Description Provided by Goodreads: The Poisonwood Bible is a story told by the wife and four daughters of Nathan Price, a fierce, evangelical Baptist who takes his family and mission to the Belgian Congo in 1959. They carry with them everything they believe they will need from home, but soon find that all of it—from garden seeds to Scripture—is calamitously transformed on African soil. What follows is a suspenseful epic of one family's tragic undoing and remarkable reconstruction over the course of three decades in postcolonial Africa.
(The story of the Price family is fiction but the events that take place in the Congo are very real)
Story Line: The story was told in five different perspectives but mostly focused on the daughters' points of view. I enjoyed the different vantage points because it gave me a great insight into what was going on and how everybody handled things differently. The story line was definitely unpredictable, especially near the end. I found that Adah's point of view was the most unique because of the diction used in it, sometimes things were not directly stated, but rather they were implied. However, I found Rachel's point of view, while in the Congo, the interesting because I found it to be the most relatable. I mean if you stick me in the Congo jungle with my family and no modern technology or cities, I would rant and throw fits too. As the story line progresses we see different sides of the characters, especially the father. At the beginning he is painted as a flawless and holy man but near the end we start to see that he is anything but.
Characters: I found Rachel, the eldest daughter, to be to most relatable, as mentioned about. I enjoyed reading about Adah's transformation and about how she always felt left behind because of her disability. I found that for a while I could relate to Leah, the twin of Adah, because I believe in justice and I used to try and make my father proud and be under his good graces, without him ever really taking notice. However, I enjoyed the refreshing point of view of Ruth May. She's the youngest of all the sisters and is curious about everything, I didn't like how her story ended because I really liked her character. At first I didn't like the character of the mother, Orleanna, because she was weak and didn't stand up for herself or her children. As the story progress, however, we start to see her change and not until tragedy strikes does she finally, as I would say, 'put some pants on'.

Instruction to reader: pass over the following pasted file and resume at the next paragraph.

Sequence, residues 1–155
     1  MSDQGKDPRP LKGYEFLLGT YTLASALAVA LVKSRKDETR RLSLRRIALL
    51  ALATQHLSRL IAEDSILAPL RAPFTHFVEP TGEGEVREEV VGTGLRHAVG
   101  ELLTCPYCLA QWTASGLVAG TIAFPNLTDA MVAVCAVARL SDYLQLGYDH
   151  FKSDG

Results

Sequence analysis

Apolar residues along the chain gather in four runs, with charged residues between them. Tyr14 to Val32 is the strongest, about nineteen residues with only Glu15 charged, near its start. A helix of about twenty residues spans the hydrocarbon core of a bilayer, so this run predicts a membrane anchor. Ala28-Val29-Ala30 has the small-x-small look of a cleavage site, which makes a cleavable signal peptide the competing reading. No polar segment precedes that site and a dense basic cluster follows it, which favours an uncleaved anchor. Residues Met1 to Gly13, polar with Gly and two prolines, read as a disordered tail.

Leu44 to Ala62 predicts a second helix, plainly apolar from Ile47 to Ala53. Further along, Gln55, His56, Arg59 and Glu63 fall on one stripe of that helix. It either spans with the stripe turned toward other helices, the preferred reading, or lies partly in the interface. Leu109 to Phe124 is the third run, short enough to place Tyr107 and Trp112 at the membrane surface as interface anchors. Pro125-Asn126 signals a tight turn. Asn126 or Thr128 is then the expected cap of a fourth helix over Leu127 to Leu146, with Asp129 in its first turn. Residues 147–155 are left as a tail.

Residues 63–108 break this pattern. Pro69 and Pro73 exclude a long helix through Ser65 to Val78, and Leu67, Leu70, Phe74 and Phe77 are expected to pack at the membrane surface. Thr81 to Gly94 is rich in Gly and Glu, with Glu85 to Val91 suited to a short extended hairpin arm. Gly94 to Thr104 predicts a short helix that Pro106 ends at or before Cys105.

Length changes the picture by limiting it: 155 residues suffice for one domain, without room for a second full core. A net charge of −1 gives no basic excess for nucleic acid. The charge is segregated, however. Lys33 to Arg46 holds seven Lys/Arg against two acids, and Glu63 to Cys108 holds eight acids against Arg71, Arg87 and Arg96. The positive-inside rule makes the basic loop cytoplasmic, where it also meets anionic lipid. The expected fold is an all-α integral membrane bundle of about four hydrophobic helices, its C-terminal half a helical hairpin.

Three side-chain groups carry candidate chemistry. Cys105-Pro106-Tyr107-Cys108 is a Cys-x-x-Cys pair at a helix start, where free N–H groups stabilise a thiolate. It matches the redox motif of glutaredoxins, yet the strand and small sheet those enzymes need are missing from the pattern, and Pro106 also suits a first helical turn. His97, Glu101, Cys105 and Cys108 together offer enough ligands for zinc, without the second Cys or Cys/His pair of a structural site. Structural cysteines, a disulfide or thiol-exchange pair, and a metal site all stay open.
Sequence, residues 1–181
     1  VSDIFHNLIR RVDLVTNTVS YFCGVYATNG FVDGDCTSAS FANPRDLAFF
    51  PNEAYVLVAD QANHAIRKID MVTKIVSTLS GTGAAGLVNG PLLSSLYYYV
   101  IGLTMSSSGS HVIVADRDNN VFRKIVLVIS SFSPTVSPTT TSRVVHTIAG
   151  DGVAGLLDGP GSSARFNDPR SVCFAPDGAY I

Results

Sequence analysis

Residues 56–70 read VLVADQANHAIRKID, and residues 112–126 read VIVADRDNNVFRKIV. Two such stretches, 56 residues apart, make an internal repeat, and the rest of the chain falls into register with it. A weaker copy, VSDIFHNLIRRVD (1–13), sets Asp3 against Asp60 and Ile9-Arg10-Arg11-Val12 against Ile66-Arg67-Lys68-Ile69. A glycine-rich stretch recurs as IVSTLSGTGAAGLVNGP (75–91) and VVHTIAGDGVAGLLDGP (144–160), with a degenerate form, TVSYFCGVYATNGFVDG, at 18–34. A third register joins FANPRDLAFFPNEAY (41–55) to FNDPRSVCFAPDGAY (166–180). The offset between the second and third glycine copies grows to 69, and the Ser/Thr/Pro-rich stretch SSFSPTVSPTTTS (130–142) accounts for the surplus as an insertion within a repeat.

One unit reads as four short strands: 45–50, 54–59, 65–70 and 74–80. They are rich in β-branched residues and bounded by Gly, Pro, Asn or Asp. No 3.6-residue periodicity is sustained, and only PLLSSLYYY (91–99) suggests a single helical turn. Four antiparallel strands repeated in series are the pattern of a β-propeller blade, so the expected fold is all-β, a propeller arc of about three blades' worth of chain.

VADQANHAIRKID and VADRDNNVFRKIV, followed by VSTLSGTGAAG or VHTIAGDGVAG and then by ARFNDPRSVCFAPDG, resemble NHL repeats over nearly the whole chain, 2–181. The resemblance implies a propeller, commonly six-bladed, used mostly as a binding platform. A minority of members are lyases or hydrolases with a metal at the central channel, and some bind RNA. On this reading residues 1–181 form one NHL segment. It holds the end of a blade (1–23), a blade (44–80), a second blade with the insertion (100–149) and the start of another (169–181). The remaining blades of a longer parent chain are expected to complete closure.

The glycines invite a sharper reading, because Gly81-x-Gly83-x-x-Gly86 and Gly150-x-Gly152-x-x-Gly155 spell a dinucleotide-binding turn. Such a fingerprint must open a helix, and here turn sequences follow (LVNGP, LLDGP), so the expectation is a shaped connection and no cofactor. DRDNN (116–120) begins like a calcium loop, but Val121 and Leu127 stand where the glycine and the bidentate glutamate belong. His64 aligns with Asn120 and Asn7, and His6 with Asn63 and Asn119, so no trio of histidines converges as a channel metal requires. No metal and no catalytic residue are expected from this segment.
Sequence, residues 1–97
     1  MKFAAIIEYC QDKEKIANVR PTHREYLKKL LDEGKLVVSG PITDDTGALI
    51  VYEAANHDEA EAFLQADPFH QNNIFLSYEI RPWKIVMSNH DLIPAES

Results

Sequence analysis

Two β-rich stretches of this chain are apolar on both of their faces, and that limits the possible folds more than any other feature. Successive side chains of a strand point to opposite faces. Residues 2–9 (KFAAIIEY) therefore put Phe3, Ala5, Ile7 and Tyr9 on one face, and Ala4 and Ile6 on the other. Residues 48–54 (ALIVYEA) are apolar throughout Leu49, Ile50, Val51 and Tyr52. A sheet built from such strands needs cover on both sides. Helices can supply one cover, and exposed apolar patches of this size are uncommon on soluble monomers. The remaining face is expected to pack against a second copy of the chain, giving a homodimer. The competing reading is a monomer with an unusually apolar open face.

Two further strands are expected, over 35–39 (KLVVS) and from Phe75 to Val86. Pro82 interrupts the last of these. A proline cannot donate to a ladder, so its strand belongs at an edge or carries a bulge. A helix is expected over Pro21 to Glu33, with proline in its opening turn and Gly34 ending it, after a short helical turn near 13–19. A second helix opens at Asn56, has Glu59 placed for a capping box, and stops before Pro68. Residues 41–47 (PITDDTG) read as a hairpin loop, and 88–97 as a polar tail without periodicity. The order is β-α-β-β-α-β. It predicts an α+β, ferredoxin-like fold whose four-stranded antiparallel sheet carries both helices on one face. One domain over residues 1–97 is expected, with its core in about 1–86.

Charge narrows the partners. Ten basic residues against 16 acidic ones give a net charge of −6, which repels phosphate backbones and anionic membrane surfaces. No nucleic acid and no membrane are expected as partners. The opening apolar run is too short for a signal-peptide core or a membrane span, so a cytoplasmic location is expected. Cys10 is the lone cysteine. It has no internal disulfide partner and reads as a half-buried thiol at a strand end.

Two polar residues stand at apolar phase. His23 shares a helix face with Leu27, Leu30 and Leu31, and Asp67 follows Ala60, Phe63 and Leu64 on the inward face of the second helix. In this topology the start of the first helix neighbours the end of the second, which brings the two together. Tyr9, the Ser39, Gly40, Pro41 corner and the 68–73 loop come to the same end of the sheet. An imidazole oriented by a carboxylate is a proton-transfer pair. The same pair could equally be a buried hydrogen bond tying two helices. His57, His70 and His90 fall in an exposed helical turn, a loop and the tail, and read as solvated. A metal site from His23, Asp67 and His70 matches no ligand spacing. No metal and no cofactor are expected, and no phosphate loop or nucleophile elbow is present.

Overall: The beginning and the end of this book were not the best and I think some extra information could have been eliminated, seeing as how the book is over 500 pages. In my opinion the books was the most interesting in the middle, when all the action was happening. I would recommend it because it really gets you thinking about how you would behave if you were in their situation but at the same time I wouldn't recommend it because the beginning and end are dry, uneventful, and in my opinion dragged out.
Rating: Overall I would rank this book a 4.
About the Author:
Barbara Kingsolver was born in 1955, and grew up in rural Kentucky. She earned degrees in biology from DePauw University and the University of Arizona, and has worked as a freelance writer and author since 1985. At various times in her adult life she has lived in England, France, and the Canary Islands, and has worked in Europe, Africa, Asia, Mexico, and South America. She spent two decades in Tucson, Arizona, before moving to southwestern Virginia where she currently resides. Kingsolver was named one the most important writers of the 20th Century by Writers Digest. In 2000 she received the National Humanities Medal, the country’s highest honor for service through the arts.